Needless to say, it is too soon to give a definitive evaluation of Hadot's thought, and only the future will verify, or fail to verify, Roger-Pol Droit's judgment on him: “ discrete, almost self-effacing, this singular thinker might well be, in a sense, one of the influential men of our epoch.”4 What is certain is that he has trained a generation of students and scholars who continue his work, and that his writings, translated into many languages, continued to inspire readers from throughout the world, many of whom wrote him to say, in a variety of formulations: “You have changed my life.” Pierre Hadot was a man almost destitute of personal vanity, but if there was one thing he was proud of, it was not the multiple honors he received throughout his career, but the effect he had on the average reader.
CNRS UPR 76 / Centre Jean Pépin
1 “La figure du Sage dans l'Antiquité Gréco-latine,” in G. Gadoffre, ed., Les Sagesses du Monde, Paris 1991, p. 9-26.
2 1969 : Prix Saintour décerné par l'Académie des Inscriptions et Belles Lettres; 1969: Prix Desrousseaux décerné par l'Association pour l'encouragement des Études Grecques; 1972: Corresponding member of the Akademie der Wissenschaften und der Literatur of Mainz; 1979: Silver medal, Centre National de la Recherche Scientifique; 1985: Docteur honoris causa de l'Université de Neuchâtel; 1990: Prix Dagnan-Bouveret de l'Académie des Sciences Morales et Politiques; 1992: Prix d'Académie (Fondation Le Métais-Larivière Fils), Académie Française; 1999: Grand Prix de Philosophie de l'Académie Française; 2000: Corresponding member of the Akademie der Wissenschaften at Munich; 2002: Docteur honoris causa de l'Université de Laval (Québec).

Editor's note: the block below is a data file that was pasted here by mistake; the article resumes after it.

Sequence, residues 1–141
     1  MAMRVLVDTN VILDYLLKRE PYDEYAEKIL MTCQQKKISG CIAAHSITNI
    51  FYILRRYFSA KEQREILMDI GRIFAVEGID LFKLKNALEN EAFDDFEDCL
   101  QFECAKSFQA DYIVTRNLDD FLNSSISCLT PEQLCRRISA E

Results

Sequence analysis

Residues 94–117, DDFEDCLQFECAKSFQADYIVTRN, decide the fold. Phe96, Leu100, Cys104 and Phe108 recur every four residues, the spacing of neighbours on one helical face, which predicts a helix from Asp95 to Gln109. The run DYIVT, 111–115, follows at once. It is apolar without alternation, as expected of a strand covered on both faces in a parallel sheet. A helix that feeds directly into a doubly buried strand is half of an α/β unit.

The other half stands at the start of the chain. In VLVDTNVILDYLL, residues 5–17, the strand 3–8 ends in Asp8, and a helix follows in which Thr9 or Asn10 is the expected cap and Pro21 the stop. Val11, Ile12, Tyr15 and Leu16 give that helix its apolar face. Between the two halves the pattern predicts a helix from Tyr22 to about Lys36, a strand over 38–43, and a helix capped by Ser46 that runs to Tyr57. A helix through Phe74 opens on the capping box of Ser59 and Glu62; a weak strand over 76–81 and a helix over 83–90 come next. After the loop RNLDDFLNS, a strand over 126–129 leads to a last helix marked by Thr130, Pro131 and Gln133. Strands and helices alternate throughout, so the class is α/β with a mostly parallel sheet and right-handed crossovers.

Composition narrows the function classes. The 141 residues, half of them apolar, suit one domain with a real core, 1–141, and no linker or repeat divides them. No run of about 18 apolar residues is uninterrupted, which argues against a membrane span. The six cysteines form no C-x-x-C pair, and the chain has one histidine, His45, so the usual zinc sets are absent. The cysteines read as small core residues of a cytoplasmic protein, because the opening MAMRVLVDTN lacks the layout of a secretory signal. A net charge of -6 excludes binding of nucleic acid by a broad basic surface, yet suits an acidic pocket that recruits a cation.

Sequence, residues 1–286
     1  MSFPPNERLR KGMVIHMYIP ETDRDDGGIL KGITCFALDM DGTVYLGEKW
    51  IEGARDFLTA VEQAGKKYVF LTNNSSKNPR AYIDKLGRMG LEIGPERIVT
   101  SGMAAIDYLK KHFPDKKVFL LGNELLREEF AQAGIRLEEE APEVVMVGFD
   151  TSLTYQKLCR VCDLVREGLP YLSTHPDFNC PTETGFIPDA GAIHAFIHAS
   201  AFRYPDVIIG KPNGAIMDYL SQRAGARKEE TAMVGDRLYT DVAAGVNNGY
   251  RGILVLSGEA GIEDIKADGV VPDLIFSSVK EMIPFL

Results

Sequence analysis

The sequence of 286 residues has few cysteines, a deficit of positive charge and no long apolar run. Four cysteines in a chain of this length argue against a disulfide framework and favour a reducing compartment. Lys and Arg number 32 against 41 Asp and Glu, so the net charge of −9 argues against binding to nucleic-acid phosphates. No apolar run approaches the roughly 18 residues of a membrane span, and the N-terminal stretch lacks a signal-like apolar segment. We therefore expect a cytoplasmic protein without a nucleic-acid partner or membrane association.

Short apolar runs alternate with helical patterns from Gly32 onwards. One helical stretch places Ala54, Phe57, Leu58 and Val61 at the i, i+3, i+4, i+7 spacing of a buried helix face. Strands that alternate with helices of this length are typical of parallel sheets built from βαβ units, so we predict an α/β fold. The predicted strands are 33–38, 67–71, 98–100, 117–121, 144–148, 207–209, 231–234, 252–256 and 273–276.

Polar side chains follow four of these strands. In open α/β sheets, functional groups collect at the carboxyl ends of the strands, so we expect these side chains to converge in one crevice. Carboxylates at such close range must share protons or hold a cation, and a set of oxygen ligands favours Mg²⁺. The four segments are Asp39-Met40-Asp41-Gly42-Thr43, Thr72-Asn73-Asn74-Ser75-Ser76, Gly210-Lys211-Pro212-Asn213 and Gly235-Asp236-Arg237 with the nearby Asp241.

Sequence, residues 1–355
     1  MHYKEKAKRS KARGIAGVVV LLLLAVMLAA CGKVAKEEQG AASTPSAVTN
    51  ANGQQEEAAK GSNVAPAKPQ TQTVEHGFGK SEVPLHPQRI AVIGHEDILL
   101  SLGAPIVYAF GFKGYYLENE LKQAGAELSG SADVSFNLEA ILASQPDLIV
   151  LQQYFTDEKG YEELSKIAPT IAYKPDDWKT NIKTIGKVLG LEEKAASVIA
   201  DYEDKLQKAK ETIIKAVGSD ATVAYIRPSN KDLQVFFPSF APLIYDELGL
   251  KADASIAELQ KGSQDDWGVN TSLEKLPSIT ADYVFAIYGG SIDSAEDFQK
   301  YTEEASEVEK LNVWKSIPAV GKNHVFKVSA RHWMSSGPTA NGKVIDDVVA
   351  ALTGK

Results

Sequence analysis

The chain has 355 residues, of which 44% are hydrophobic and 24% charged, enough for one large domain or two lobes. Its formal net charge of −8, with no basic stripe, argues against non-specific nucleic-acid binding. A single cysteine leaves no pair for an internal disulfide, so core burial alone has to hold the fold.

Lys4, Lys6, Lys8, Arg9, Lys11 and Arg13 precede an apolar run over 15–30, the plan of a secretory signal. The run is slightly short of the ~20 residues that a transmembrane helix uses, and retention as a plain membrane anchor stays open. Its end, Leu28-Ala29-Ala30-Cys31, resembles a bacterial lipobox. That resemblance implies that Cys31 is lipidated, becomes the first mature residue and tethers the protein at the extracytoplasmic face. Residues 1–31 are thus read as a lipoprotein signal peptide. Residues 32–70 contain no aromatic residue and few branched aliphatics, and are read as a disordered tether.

3 Études de philosophie ancienne, Paris: Les Belles Lettres, 1998. (L'âne d'or; 8); Plotin. Porphyre. Études néoplatoniciennes, Paris: Les Belles Lettres, 1999. (L'âne d'or ; 10). These works contain some of Hadot's more technical works on the history of Greek and Latin philosophy, but also some of his early studies on the philosophy of nature. There is material for many more such volumes, among the 100 or so articles Hadot penned throughout his career.
4 “Pierre Hadot, 86 ans de sagesse,” Le Point. Débats, 17/04/2008, downloaded at https://www.lepoint.fr/actualites-chroniques/2008-04-18/pierre-hadot-86-ans-de-sagesse/989/0/238823.